Solifugae Spider Bite | Solifugae Habitant | Solifugae Lifecycle
What is Solifugae?
A solifugae is an arachnid that is a member of the order Solifugae. The word “solifuge” comes from the Latin words “solus” and “fugere,” which translate to “flee the sun.” Solifugae are often thought to be related to scorpions, but they are more closely related to spiders in reality.
The solifugae order is divided into two suborders: Neosolpugida, meaning “new solpugids,” and Eusolpugida, meaning “true solpugids.”
There are about 1000 different kinds of solifugae that have been classified. This includes some very large and dangerous species, such as the giant African solifuge, which is capable of reaching more than 5 inches in length.
Solifugids are found in Africa, Oceania, and Asia. Although most of their species are small and insectivorous, some species of solifugae have been known to hunt other small animals.
Scientists believe that the first animals that have been classified as solifugae are actually distant relatives of the African tarantula. The giant African solifugae was likely a species of tarantula that was very large in size.
Solifugae Bite. (Solifugae Spider Poisonous)
Solifugae can be dangerous to humans. They are carnivorous and can bite, although they are not venomous. The bite of a solifugae is similar in feeling to that of a cat. Solifugae do not have venom glands, but their jaws are strong enough to inflict a lot of damage that is sometimes comparable to a dog bite.
Solifugae do not tend to live in close proximity with humans and rarely attack humans unless they are provoked or feel threatened. Humans normally encounter solifugae in areas in which they aren’t native. Poisons and pesticides used to kill other insects can also kill solifugae.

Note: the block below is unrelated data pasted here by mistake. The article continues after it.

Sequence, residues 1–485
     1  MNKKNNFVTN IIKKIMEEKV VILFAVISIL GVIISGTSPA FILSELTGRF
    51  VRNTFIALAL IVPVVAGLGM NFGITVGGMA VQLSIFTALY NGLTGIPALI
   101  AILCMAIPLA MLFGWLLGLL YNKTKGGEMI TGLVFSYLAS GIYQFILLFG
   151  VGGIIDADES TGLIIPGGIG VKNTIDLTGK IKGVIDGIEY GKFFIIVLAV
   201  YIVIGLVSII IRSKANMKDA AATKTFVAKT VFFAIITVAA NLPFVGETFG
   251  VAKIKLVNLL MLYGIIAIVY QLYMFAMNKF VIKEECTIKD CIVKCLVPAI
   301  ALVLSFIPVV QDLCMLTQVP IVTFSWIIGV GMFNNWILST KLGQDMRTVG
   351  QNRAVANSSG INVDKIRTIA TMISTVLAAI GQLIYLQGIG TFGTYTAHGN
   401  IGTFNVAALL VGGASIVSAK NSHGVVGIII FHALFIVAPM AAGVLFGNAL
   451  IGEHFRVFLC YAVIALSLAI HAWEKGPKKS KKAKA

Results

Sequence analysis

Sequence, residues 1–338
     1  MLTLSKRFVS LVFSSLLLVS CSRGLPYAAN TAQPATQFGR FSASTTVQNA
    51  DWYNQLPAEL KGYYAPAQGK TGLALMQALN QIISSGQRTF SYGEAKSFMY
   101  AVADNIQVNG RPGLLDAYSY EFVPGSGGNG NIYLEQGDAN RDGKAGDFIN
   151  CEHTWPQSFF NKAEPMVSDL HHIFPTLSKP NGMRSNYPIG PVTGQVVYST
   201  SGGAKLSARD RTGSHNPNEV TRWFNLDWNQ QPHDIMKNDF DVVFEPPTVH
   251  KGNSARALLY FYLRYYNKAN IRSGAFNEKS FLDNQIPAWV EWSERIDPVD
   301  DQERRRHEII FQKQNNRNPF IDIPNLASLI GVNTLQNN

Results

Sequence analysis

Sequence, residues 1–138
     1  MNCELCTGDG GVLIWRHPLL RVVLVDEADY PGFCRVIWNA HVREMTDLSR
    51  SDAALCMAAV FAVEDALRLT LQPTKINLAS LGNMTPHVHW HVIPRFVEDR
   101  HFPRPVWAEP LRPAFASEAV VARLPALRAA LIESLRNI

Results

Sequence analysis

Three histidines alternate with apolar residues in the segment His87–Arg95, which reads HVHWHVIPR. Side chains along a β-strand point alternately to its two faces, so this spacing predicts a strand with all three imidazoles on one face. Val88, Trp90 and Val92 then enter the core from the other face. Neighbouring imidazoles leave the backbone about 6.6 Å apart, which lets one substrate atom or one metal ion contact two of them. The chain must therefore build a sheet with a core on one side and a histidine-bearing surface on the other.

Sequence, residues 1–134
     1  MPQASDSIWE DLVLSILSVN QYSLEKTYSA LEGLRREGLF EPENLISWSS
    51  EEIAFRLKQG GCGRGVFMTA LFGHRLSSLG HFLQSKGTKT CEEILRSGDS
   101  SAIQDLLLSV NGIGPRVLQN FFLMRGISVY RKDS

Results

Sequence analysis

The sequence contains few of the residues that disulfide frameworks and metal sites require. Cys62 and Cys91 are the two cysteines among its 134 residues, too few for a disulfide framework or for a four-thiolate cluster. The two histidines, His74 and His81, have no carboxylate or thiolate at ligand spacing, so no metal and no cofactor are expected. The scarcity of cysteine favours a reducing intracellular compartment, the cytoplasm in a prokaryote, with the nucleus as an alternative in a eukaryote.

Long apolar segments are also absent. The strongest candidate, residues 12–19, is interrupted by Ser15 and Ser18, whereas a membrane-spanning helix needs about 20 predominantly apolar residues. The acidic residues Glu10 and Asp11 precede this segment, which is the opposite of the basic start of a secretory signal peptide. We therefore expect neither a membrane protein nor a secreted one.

Solifugae are arachnids that vary in size from small to large (a few millimeters to several centimeters in body length), with the larger species reaching 12–15 cm in length (including legs).
In fact, the lengths of the legs of different animals vary significantly, so the resulting estimates are often misleading. More practical dimensions apply mainly to body length, with leg lengths cited separately, if at all.
The body length can reach 7 cm. When mature, most species are closer to 5 cm long, and some small species are less than 1 cm long head-plus-body.
Solifugae Solitary life
Solifugae spend most of their lives alone because they are not very social creatures. Solifugae spend much of their existence looking for food and finding a temporary shelter where they can lay their eggs.
Many times, solifugae will dig a hole into the earth where they will lay eggs and guard them until hatching occurs.
Solifugae Life cycle
The life cycle of solifugae is quite fast. The female will lay around 30 eggs, which she will guard and keep safe from potential predators. The eggs will hatch after about two weeks. The solifugae larvae go through three molts before they become adults.
Solifugae are also able to regenerate their limbs if they happen to lose them, provided that the missing limb isn’t too important for their survival.
Solifugae are also able to alter their color depending on the environment in which they live. They are also equipped with venom glands, but these are not used to kill prey. The venom is secreted from pores and used to paralyze the solifugae’s prey.
The solifugae can then use their pointed jaws to feed on their prey. A solifugae’s venom is potent enough to kill other animals but not humans.
A solifugae can become serious pests if they are not controlled. Solifugae will live in areas that are close to human habitation (especially urban ones). Thus, it is easy for their numbers to get out of control and harm any given area’s economy.
Solifugae prefer sloping areas where they can move easily from one place to another without having to climb up or down a steep incline.